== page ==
For the truly solid pundit, there is nothing better than having some down time. During your break, it’s always nice to sit back and relax and watch other people suffer the agony and joy of playing cards. Movies are either a great escape, or a way to live vicariously through the eyes of the characters depicted on film.
Either way, movies kick arse and there are some absolute king-hell awesome movies about card games out there. So what are they? Here we give you the top five movies about card games.
5. High Roller: The Stu Ungar Story
Steve “Stu” Ungar was the most successful poker player in history but he also had a drug habit bigger than King Kong to contend with.
This movie is a great insight into what moulded and made the greatest poker player in history tick. It shows Ungar’s start in the shady back alleys of New York, playing Gin Rummy at mob controlled games, his transition from Gin Rummy to Texas Hold’em Poker and his uncanny ability to seemingly make his opposition’s cards transparent during play.
Ungar won two WSOP Main Event’s in 1980 and 1981 and went on to win a record third in 1997.
The movie also delves into Ungar’s troubled and overly trusting personality, his descent into drug abuse, his struggles to retain his family and his sudden death in 1998.
4. Casino Royale
This is one of the most intense games of No Limit Texas Hold’em to have ever been delivered on the big screen. In the Ian Fleming book however, the game that was the epitome of the book wasn’t written as poker, it was baccarat.
Casino Royale centres around infamous MI6, 007 agent, James Bond and his efforts to disrupt a shady money man who attempts to use terrorism to manipulate stock prices. Bond thwarts the attempted terrorist bombing which leaves the money man millions of dollars out of pocket and in debt to an African war lord. In an attempt to recoup the money he has lost on the stock market, the money man sets up a no limits Texas Hold’em game.
This is one of the greatest examples of a card game being filmed because not only does it accurately portray a high stakes game of Texas Hold’em but it boasts the added drama of sexily clad women strutting around, African war lord’s attacking, poisoning and the invention of the famous “shaken, not stirred” martini.
This game of Texas has it all and culminates in a car chase and bizarre torture scene. Classic.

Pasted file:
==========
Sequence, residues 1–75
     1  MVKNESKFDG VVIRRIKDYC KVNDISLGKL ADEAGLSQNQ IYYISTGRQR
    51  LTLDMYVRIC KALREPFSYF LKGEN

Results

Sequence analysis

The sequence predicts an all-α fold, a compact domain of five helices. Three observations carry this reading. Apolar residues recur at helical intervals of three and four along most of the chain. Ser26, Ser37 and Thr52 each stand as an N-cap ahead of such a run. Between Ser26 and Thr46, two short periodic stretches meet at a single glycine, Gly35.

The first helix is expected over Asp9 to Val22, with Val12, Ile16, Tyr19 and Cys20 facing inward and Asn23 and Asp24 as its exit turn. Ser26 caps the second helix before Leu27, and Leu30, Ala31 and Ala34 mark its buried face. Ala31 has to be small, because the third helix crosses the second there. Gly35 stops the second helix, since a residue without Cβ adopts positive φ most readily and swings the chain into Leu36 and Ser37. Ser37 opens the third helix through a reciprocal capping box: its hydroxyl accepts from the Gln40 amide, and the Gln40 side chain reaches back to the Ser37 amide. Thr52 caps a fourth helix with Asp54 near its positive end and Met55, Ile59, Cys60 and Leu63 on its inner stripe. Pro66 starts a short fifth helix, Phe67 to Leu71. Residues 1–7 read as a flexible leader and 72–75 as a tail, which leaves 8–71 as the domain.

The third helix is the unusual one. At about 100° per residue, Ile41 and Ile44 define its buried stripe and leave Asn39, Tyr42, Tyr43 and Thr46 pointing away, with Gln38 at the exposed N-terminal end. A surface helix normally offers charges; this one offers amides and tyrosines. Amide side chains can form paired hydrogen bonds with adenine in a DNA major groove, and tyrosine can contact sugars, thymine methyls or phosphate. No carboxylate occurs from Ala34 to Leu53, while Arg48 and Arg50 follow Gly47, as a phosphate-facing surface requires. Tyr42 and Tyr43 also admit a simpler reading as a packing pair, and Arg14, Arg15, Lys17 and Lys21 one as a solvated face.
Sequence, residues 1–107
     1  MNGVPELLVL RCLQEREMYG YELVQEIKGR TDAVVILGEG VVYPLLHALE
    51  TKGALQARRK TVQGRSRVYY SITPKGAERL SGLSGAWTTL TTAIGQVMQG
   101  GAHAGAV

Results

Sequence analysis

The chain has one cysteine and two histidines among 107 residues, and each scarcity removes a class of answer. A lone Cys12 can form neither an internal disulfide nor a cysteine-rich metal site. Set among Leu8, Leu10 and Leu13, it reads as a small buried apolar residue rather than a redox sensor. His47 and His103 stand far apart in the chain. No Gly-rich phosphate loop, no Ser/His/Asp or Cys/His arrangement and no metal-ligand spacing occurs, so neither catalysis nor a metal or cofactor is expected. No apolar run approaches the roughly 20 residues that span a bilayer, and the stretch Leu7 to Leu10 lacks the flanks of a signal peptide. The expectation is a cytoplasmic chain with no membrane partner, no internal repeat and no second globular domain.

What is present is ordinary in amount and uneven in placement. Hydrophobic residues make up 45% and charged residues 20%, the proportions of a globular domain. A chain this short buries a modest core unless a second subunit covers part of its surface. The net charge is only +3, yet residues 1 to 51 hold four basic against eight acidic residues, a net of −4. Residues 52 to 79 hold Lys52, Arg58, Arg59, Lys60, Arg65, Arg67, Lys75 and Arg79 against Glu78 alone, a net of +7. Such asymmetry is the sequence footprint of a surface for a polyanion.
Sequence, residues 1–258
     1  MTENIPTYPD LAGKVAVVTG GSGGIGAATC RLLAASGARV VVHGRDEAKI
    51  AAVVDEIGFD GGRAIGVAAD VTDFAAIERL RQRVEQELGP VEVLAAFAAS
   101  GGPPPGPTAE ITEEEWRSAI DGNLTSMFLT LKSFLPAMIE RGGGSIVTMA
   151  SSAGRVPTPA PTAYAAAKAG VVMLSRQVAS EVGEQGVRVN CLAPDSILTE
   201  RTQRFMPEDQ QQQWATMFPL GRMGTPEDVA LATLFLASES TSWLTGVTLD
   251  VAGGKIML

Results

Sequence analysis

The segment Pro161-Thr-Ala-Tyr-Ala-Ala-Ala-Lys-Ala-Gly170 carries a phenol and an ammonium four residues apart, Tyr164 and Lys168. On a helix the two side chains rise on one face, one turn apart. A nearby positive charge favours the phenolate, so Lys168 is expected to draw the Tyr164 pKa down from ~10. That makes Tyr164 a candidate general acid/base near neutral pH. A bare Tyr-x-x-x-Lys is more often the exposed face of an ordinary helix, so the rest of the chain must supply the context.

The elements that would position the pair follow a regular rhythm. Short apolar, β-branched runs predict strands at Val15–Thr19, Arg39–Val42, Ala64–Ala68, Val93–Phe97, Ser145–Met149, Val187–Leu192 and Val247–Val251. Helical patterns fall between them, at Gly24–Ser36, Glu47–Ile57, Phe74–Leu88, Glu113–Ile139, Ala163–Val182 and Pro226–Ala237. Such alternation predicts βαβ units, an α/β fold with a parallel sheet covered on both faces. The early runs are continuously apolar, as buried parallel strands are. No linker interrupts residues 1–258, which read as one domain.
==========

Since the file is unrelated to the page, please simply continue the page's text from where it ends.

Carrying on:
This movie is all about blackjack, but upon its release it was also the bane of every dealer’s existence because every drunken buffoon slumped over a table, yahooing it up with their mates would cry “Winner, winner, chicken dinner!” whenever they were actually dealt a blackjack.
That annoying line was all thanks to this movie and drove every dealer the world over absolutely nuts for about six months after its release.
21 follows the true story of six M.I.T. students who turned their natural intelligence into a weapon to be used against the casino’s of Las Vegas as a card counting team. The natural mathematicians honed their skills into a card counting team.
Card counting is a phenomenon that every blackjack player has heard of but rarely understands. The great thing about 21 is that it clearly explains how card counting works and the theory behind it. Then you get to see it in action as the team hits the tables in Las Vegas.
Predictably, greed gets the better of everyone involved and things spiral out of control.
2. Lock, Stock and Two Smoking Barrels
Guy Ritchie’s break-out directorial masterpiece centres around four best mates who pool their money together so one the card shark among them, Eddy, can buy in to a high stakes, underground poker game run by the local gangster.
Things quickly spiral out of control when Eddy loses all of their money as well as racking up a massive, $500,00 debt with the gangster in the process. This debt kicks off a wild string of events that culminates in several story lines colliding and leaving the majority of people to appear in the film dead.
But it is the game of poker that sets in motion all of these events. During this seedy game, which is played in a boxing ring, we see that the gangster’s right hand man is spying on Eddy the entire game and transmitting his cards to the gangster.
This is the epitome of poker movies. Matt Damon is a prodigal poker player who has gone straight after blowing his load on a single hand of poker to a Russian gangster.
Things are going great in his new square life: he is going to law school, has a girlfriend and a job.
Everything starts to go pear-shaped when an old friend, Edward Norton, is released from jail and has a massive debt to repay. Norton’s character manages to convince Damon to return to slapping cards in a bid to raise the funds to pay off Norton’s debt.
Damon insists he can win at poker without cheating but Norton is determined to bend the rules and cheat to ensure the wins will keep coming their way. Norton is busted dealing from the bottom of the deck at a cop’s card game. The cops catch the guys cheating and beat them and steal their money.
Everything comes to a head when Matt Damon finds himself facing off against John Malcovich’s Russian gangster that bested him at the beginning of the movie. The end of the movie is a great lesson on how to bait your opposition and deceive by the way you play.
If nothing else this movie should be viewed just to laugh at John Maclovich’s shocking attempt at a Russian accent.